In order to be anti-racist as a teacher, I believe that it is important to examine discursive practices, or episodes in action and rules – made explicit or implicit – related to who has a voice and who does not, as well as things that are deemed acceptable to be said or that are deemed unacceptable (Young & Ortega, 2009). This can help teachers to explore underlying beliefs regarding race that shape educational practices.  The discourses about children and parents who are of varied racial and ethnic backgrounds provide a framework for further communication about aspects of the reality of lives of students, and the reality of teaching.  Discourses on race are shaped by social structures, and in turn discourse can either support or change those social structures (Fairclough, 2013). So, in practice, this means listening and engaging in dialogue with students while engaging with diverse texts. It also means providing the context within the learning environment for students to be empowered and to be heard.


Freire and Macedo (1987) argue that an emancipatory approach to literacy does not merely focus on the mechanical skills of reading and writing, the classical traits of what it means to be a well-educated person, or even the joy and comprehension of reading a text. These approaches to literacy are insufficient for education to have an emancipatory rather than an oppressive impact. Instead, in an emancipatory pedagogy, an emphasis is placed on a critical analysis the text and of social structures in order to “read the word and read the world”. I would argue that to be anti-racist as an educator of literacy and English Language Arts, an emancipatory approach is needed. Crucially, Giroux (1992) argues that this voice is best enabled when the student engages in communication in his or her own primary language (or dialect).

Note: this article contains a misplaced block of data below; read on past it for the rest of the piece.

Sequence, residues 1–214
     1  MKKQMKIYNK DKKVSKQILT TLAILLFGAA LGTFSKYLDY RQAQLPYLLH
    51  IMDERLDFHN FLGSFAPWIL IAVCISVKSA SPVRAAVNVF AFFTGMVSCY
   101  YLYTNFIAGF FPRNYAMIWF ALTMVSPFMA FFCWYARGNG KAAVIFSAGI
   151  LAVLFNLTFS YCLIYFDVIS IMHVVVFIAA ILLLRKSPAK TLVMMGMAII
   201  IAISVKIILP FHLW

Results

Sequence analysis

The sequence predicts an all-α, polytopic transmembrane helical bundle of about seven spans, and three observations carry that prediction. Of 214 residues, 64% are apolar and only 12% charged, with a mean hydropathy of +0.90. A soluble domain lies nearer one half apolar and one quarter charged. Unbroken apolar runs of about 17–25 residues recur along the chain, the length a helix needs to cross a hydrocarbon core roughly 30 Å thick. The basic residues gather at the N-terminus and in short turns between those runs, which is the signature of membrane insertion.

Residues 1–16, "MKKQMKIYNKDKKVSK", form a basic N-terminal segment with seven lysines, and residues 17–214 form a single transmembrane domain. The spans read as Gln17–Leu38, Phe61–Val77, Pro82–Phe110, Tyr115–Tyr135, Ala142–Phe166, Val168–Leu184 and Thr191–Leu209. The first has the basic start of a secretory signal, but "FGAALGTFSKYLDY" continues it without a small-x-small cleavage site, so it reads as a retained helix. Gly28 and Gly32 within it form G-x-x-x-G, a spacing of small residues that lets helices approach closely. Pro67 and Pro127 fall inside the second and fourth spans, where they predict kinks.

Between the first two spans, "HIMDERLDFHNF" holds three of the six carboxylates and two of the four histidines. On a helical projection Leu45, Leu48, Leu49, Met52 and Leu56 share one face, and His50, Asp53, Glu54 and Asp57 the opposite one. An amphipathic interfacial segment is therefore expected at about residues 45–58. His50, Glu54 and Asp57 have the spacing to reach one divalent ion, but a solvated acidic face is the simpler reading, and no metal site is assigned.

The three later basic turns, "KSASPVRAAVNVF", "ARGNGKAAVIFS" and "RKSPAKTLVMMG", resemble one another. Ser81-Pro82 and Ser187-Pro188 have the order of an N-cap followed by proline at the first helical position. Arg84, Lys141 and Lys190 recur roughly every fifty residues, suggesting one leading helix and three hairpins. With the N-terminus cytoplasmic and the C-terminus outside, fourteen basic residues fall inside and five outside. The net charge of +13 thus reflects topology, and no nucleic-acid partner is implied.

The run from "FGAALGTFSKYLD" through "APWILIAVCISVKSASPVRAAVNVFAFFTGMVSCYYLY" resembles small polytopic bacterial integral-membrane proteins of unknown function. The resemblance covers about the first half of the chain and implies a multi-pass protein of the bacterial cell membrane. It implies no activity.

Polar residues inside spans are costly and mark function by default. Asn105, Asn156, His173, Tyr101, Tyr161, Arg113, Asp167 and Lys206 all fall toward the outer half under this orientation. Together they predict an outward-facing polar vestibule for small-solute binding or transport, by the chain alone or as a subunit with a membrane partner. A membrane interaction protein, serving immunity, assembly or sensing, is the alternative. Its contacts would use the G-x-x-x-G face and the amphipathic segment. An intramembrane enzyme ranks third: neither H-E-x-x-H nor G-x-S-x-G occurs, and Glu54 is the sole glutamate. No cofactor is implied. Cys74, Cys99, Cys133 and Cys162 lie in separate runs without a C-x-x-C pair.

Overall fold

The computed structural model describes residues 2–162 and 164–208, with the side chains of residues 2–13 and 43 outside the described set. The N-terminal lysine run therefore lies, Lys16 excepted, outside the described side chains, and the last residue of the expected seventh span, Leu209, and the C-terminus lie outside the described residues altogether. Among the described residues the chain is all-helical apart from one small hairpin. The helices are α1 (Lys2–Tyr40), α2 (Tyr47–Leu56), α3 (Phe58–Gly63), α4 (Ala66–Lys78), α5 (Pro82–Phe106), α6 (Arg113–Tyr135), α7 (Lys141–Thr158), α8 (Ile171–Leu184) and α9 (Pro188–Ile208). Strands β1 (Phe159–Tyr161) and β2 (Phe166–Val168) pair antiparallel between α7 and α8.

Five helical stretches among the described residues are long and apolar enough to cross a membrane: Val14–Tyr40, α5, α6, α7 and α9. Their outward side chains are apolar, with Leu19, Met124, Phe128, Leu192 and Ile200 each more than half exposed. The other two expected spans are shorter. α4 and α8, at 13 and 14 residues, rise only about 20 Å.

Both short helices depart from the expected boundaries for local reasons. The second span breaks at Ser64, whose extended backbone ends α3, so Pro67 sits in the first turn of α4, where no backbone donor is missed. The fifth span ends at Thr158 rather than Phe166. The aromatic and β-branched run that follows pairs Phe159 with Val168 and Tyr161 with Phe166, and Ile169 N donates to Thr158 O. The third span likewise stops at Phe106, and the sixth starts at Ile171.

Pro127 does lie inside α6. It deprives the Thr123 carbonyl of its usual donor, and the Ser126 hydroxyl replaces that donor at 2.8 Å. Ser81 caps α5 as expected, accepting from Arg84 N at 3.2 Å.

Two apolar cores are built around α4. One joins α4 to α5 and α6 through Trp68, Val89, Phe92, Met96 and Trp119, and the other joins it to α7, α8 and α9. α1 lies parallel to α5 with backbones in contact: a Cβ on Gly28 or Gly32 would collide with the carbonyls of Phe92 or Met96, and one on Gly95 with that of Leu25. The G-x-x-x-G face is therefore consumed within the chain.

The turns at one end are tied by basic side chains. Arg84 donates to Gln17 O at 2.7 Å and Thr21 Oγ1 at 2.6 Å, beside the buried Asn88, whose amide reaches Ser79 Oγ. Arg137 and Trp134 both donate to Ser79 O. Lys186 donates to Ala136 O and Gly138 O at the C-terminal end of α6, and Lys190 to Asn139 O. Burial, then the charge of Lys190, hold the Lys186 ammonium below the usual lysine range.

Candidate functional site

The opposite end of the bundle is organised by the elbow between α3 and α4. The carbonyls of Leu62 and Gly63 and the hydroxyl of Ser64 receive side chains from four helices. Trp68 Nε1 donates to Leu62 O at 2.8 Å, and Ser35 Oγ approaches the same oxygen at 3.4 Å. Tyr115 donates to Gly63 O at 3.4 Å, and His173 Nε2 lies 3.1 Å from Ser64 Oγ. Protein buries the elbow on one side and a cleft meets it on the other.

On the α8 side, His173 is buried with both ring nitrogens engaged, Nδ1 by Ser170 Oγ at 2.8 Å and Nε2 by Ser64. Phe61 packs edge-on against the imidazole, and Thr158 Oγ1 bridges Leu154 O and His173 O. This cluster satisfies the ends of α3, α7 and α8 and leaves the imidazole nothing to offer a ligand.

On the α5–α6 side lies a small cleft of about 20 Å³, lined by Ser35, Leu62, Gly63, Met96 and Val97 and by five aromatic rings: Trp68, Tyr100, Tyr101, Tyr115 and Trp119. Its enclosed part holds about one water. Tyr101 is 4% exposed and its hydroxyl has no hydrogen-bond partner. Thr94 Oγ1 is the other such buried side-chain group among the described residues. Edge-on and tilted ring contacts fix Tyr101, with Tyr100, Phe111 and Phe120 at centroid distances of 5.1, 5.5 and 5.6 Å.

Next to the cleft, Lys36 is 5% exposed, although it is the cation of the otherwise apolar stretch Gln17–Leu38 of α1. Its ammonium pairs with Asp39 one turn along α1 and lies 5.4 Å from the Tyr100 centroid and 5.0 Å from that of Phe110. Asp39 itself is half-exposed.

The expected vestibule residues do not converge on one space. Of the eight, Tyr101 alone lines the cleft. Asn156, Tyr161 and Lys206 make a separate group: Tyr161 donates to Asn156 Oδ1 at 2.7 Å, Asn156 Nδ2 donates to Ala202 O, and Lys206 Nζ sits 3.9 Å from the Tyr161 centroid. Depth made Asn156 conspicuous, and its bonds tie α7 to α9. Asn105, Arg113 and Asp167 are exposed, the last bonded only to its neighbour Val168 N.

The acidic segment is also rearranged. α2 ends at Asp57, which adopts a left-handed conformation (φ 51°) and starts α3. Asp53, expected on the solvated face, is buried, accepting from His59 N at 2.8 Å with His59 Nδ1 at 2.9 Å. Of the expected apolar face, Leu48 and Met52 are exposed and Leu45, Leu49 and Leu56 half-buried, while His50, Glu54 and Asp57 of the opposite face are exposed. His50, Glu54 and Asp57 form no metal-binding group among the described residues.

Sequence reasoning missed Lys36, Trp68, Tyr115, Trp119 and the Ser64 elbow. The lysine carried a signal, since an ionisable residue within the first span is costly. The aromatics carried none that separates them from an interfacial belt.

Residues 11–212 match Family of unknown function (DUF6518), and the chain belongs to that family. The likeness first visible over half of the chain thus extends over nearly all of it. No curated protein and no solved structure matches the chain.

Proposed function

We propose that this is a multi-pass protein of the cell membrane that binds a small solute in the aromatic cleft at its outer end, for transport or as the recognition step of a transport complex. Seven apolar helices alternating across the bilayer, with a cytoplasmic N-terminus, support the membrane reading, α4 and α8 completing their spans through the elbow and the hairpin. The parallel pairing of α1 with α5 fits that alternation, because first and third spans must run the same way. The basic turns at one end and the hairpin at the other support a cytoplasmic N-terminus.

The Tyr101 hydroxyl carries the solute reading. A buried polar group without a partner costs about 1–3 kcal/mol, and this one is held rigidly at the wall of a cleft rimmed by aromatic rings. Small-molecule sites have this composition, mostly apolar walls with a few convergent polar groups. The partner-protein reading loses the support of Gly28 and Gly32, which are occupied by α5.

The journey of self-discovery and reflection never ends. Each of us has our own story. Let’s take the anti-racist journey together. Let’s stand together. Our students deserve it.




Ahmed, S.K. (2018). Being the Change: Lessons and Strategies to Teach Social Comprehension. Portsmouth, NH: Heinemann.